Thanks, Jim, and hello to everyone on the call. I would also like to share that I'm excited to be a member of the Six Flags team and have been extremely impressed with the dedication of people here, who are making Six Flags a great and successful company. There is no better evidence of this team's ability than a strong financial performance for the quarter. As Jim indicated, we reported a solid 5% growth in revenue in the third quarter, driven by an increase in per capita revenue for both ticket and in-park sales. The company's focus on improving yields through focused-pricing discipline and increasing depth in-park sales has delivered results. Year-to-date revenue is up 6% on a comparable basis due to both a solid increase in attendance and per capita sale.
On a comparable basis, cash operating expenses declined approximately $9 million in the quarter versus prior year and represented 38.6% of revenue, down from 42.3% of revenue in Q3 of 2009. Our year-to-date, the company has reduced cash operating expenses by $22 million on a comparable basis. The quarter and year-to-date expense reductions are results of reductions in marketing costs, headcount and certain corporate level expenses, along with seasonal labor efficiencies. Management remains committed to reducing operating expenses through sustainable and focused initiatives, while continuing to enhance our guest experience.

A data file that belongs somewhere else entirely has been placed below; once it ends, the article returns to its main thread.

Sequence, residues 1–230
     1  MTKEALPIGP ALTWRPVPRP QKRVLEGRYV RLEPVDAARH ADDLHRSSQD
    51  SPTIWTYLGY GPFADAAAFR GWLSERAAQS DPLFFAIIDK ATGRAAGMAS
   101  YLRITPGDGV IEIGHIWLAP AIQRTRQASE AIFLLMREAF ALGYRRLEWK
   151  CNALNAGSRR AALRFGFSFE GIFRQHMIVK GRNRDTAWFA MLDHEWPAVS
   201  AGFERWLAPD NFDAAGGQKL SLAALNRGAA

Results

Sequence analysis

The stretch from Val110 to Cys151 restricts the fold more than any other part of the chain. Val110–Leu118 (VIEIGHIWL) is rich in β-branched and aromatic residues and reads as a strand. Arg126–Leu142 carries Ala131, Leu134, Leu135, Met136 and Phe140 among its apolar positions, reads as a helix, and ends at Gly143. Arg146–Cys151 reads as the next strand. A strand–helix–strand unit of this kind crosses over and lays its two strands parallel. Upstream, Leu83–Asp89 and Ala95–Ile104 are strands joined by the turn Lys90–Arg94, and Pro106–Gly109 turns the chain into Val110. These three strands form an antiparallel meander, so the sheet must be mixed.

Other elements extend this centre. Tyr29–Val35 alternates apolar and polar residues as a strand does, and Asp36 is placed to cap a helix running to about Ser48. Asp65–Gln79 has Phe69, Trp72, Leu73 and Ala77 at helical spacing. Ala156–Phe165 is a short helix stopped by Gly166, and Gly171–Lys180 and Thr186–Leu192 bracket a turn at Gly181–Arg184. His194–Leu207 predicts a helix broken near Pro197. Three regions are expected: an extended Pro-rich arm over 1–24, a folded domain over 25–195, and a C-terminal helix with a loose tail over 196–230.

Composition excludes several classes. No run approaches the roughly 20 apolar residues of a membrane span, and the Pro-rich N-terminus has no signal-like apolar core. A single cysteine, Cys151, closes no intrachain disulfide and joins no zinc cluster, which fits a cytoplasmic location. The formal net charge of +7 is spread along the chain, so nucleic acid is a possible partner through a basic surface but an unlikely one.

The solid revenue growth and expense reductions contributed to a strong adjusted EBITDA for the quarter of $239 million and $273 million year-to-date. This represents an increase of $31 million and $69 million over prior-year for the quarter and year-to-date, respectively.
Our Q3 diluted earnings per share was $4.85. Now beginning with this quarter, we will report cash earnings per share, which we believe is a better reflection of our earnings versus reported GAAP EPS. But first, as a result of fresh start accounting, the company was required to increase tangible and intangible assets, which increases go-forward depreciation and amortization expense well above the company's capital spending level. Second, the company was able to maintain over $1 billion of tax operating loss carryforwards, which will result in materially lower cash taxes versus the tax expense reflected in the GAAP financial. In the near term, we expect to pay in the range of $10 million to $15 million in cash taxes each year.